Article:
You choose, we deliver
If you are interested in this story, you might be interested in others from The Journal Gazette. Go to www.journalgazette.net/newsletter and pick the subjects you care most about. We'll deliver your customized daily news report at 3 a.m. Fort Wayne time, right to your email.

Learning Curve

  • No research at IPFW?
    Purdue President Mitch Daniels' remarks during a public radio interview have drawn a quick response from IPFW faculty, who are challenging Daniels' assertion that regional campuses should not be engaged in research activities.
  • Defending the indefensible
    Indiana Inspector General David Thomas and the state ethics commission dispensed with the Tony Bennett mess as quietly as possible, but making something disappear doesn't mean it never happened or that it should have happened in the first place.
Advertisement

Wise words on prayer in school

The Rev. Adam Hamilton, pastor of the 16,000-member United Methodist Church of the Resurrection in Leawood, Kan., will deliver the sermon at the National Prayer Service on Tuesday morning.

What does this have to do with education? Hamilton is the author of a spot-on essay on the subject of prayer in school. Every member of the Indiana General Assembly should read it, particulary Sen. Dennis Kruse, who once again as introduced a school prayer bill, SB 23. The legislation is assigned to the Senate's Rules and Legislative Procedures Committee, which is a good indication it won't be approved, but the tiresome debate needs to be put to rest once and for all.

"One reaction to the tragedy at Sandy Hook Elementary School has been a call to 'put God back in the schools,' " Hamilton writes at his blog, AdamHamilton.org. "I even heard one person suggest that the violence that happened in the school was because we took God out of public schools. As a pastor I have a deep desire to lead people to God and encourage people to pray, read the Bible, and carry their faith into every part of their lives. But I've got a few questions about putting God back in the schools.'

"In America our public schools are intended to be religiously neutral. Our teachers and schools are neither to endorse nor to inhibit religion. I believe this is a very good thing. When my kids were growing up I wanted their teachers to teach them science, reading, math, and history. I also wanted them to care about my kids. But I did not want my children's public school teachers teaching them religion. That was my job as a parent, and the job of our church, Sunday school, and youth group."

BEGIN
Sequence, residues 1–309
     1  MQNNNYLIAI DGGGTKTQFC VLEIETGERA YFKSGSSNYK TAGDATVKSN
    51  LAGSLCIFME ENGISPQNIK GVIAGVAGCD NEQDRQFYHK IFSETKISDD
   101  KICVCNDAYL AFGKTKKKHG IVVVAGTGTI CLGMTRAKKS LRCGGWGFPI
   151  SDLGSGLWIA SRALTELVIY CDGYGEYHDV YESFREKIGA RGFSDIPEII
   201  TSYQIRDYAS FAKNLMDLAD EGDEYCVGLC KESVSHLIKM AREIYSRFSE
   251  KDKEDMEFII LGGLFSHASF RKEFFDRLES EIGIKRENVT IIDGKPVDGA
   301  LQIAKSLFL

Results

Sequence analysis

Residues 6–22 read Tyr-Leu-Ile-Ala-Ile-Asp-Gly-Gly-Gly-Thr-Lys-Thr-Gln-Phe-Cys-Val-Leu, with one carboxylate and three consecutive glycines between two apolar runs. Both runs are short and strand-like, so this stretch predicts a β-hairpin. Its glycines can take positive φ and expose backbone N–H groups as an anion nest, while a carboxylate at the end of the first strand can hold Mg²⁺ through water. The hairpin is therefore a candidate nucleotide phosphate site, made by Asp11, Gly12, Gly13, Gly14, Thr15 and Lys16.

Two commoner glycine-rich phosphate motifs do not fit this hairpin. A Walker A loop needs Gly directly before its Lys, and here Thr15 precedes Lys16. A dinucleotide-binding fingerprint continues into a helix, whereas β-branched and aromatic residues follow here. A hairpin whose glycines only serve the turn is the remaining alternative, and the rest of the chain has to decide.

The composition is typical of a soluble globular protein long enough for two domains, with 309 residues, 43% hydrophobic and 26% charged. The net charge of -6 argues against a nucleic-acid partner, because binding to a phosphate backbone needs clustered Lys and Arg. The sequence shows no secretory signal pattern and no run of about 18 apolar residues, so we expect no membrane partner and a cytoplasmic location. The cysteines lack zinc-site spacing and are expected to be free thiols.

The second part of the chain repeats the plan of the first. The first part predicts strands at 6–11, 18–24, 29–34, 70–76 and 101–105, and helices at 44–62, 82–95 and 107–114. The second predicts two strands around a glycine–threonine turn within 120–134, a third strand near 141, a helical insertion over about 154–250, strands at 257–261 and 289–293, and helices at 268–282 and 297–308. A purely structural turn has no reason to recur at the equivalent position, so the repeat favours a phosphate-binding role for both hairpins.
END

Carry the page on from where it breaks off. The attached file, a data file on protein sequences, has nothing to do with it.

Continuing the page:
Hamilton alludes to one of the ironies of the argument for "putting God back in the schools." The same voices calling for parents to take responsibility in their children's education and to make informed choices among traditional public schools, charter schools and voucher schools somehow have no problem suggesting that schools, not parents, bear the responsibility to provide spiritual guidance. Nor do they seem to believe parents are responsible enough to make the right decisions regarding faith.

Hamilton, as a minister, is more likely to appeal to the reason of Kruse and others who won't give up on this subject. Jane Henegar, executive director of the American Civil Liberties Union of Indiana, makes the other convincing argument – it is a dereliction of duty for a sworn member of the General Assembly to draft and submit a bill that is unconstitutional. Unfortunately, Indiana lawmakers seem to have no reservations doing so, as the ACLU's numerous recent victories in the courts suggest.

On the wise counsel of Hamilton and Henegar, Indiana lawmakers should end their continual campaign to "put God back in public schools."

Karen Francisco, editorial page editor for The Journal Gazette, has been an Indiana journalist since 1981. She writes frequently about education for The Journal Gazette opinion pages and here, where she looks at the business, politics and science of learning as it relates to northeast Indiana, the state and the nation. She can be reached at 260-461-8206 or by e-mail at kfrancisco@jg.net.

Advertisement